The Slatest

For Netanyahu and His American Friends, Criticizing Israel Is the Only Anti-Semitism That Matters

Netanyahu, Orbán, and others paying their respects.
Israeli Prime Minister Benjamin Netanyahu and Hungarian Prime Minister Viktor Orbán at the Raoul Wallenberg memorial garden in Budapest on July 19, 2017.
AFP Contributor/Getty Images

During a conversation about Google in China on Fox Business today, Texas Rep. Louis Gohmert launched into a rambling non sequitur about financier George Soros, saying, “George Soros is supposed to be Jewish, but you wouldn’t know it from the damage he inflicted on Israel and the fact that he turned on fellow Jews and helped take the property that they owned.”

Putting aside the unfounded accusations—pushed by Roseanne Barr,* Donald Trump Jr., and others—that Soros turned over fellow Jews to the Nazis in wartime Hungary when he was a child, Gohmert is arguing that because of his support for groups critical of Israeli policies, he is a perpetrator rather than a victim of anti-Semitism.

This is an absurd position but is one that the prime minister of Israel unfortunately seems to agree with.

Barak Ravid reports for Axios today that Benjamin Netanyahu’s office is negotiating with the government of Hungary’s Viktor Orbán over a controversial planned Holocaust museum. The museum has been criticized by Jewish groups in Hungary and around the world as an attempt by Orbán’s government to whitewash the role of Hungarians in the Holocaust and portray them solely as innocent victims of the Nazi occupation. The director of the library at Yad Vashem, Israel’s official Holocaust memorial, told Reuters, “The museum concept clearly avoids addressing the role and responsibility of … Hungarian leaders of that era for the plight of the nation’s Jews, and their eventual abandonment to the hands of Nazi Germany. … It is implied that Hungary was actually a nation of rescuers. This is a grave falsification of history.”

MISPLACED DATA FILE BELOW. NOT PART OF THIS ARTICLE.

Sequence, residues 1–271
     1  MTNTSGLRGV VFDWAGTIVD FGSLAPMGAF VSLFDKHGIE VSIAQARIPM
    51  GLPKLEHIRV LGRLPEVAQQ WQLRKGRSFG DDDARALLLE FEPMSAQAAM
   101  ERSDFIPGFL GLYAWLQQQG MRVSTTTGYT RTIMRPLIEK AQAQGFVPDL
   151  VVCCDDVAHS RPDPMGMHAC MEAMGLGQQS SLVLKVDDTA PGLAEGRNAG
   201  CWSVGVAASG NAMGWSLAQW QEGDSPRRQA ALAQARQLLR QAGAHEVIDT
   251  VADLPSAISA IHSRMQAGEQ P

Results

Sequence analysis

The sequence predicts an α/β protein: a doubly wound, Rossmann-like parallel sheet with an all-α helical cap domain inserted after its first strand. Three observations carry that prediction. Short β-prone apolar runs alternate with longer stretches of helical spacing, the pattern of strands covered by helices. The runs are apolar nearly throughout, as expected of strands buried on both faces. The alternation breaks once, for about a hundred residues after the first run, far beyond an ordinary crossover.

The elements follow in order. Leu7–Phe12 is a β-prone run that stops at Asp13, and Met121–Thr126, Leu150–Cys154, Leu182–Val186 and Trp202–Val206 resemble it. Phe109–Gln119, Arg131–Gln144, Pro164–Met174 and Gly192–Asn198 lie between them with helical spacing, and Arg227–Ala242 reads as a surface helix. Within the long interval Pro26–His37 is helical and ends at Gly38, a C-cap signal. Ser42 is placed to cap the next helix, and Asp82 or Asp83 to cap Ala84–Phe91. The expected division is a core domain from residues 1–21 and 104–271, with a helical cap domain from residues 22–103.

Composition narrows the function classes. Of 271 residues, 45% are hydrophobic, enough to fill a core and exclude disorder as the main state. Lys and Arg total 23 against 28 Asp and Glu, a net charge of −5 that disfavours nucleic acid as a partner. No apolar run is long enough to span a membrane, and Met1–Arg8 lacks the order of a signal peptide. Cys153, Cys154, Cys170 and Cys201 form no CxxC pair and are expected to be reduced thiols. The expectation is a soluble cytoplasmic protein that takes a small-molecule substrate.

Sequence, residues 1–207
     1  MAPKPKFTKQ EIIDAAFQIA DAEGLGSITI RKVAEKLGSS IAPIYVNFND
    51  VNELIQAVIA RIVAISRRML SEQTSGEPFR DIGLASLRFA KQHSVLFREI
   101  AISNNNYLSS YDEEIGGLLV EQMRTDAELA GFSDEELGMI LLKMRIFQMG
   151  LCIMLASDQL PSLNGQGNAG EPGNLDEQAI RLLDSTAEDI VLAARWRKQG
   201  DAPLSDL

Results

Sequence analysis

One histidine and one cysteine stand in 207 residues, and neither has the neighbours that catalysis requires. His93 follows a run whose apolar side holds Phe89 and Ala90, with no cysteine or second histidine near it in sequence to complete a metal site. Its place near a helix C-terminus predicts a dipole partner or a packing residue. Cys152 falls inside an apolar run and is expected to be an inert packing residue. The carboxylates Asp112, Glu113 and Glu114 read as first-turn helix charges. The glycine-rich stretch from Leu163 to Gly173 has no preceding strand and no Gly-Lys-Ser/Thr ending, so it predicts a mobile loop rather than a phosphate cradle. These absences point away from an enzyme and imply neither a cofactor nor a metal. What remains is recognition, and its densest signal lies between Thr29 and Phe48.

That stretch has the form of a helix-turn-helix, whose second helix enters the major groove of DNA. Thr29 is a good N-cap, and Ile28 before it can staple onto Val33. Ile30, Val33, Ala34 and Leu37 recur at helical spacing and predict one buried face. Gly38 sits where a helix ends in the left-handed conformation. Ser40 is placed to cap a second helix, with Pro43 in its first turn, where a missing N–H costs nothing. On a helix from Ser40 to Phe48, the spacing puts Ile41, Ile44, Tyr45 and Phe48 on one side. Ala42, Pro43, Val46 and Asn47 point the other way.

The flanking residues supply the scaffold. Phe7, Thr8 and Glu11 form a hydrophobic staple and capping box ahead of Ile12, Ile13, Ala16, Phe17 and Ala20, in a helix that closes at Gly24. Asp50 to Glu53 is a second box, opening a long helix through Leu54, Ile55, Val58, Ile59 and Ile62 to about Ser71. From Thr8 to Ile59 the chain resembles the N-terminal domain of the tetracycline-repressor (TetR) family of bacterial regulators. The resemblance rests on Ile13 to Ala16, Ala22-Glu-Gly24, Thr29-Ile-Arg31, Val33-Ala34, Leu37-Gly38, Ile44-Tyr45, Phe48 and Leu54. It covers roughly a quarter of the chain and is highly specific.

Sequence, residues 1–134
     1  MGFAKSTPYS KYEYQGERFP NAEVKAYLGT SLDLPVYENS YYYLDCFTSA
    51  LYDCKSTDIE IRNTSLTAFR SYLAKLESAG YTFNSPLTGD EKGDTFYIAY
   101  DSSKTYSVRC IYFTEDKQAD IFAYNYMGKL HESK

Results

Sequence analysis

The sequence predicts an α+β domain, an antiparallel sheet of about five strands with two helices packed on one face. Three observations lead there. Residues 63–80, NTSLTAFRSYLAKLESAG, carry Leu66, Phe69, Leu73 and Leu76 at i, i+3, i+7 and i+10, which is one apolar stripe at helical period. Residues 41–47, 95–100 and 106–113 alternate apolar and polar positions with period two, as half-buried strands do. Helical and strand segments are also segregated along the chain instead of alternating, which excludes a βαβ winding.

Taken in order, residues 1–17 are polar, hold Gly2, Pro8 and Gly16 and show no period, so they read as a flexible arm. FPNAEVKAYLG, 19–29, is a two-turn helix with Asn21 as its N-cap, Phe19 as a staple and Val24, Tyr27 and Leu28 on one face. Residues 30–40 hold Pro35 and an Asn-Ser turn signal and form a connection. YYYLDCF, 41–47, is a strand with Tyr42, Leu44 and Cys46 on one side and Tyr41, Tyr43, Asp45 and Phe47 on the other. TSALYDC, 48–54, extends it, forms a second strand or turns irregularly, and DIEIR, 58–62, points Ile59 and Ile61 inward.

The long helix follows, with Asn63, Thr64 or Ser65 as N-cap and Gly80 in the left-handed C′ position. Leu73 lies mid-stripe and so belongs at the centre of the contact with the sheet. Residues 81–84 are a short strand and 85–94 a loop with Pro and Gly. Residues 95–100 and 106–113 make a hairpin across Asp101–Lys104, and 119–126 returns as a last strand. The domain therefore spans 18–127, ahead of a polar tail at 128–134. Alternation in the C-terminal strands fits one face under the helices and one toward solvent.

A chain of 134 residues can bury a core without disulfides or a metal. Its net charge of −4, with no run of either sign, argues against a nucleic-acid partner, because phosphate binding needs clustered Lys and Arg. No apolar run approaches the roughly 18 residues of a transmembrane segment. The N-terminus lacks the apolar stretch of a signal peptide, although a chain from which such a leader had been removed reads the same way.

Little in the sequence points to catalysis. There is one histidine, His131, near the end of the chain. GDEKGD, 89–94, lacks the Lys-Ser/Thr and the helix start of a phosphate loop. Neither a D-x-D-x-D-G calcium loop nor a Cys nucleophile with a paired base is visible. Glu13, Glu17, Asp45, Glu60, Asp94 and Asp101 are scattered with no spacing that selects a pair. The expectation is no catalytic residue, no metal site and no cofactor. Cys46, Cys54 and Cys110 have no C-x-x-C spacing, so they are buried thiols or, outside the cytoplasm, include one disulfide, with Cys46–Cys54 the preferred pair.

Netanyahu is a close ally of Orbán, one of the dwindling number of staunchly pro-Israel leaders within the EU. The Israeli government backed Hungary last year, contradicting its own embassy in Budapest, when Orbán was accused of fomenting anti-Semitism with an advertising campaign targeting Soros.

Officials in the Israeli foreign ministry, who object to the new museum and have apparently been shut out of the discussions, worry that Netanyahu is working to help Orbán save face. The prime minister similarly reached a deal with Poland in July after it passed a controversial law making it illegal to accuse the country of complicity in the Holocaust. After Poland agreed to drop prison sentences for those convicted under the law, Netanyahu issued a joint statement with his Polish counterpart praising Poland’s wartime resistance to the Nazis, eliding any discussion of the culpability of some Poles in the killing of Jews during that period.

As Ravid notes in his Axios piece, Netanyahu “needs the support of the central European governments—mainly Hungary, Poland and the Czech Republic—inside the EU” and is willing to look the other way as those countries whitewash the history of the Holocaust or use age-old tactics to smear prominent Jews.

As shown by previous statements about some of U.S. President Donald Trump’s supporters, for the prime minister, as well as his backers in Washington, criticism of Israel is the only form of anti-Semitism that matters.

Correction, Dec. 7, 2018: This post originally misspelled Roseanne Barr’s first name.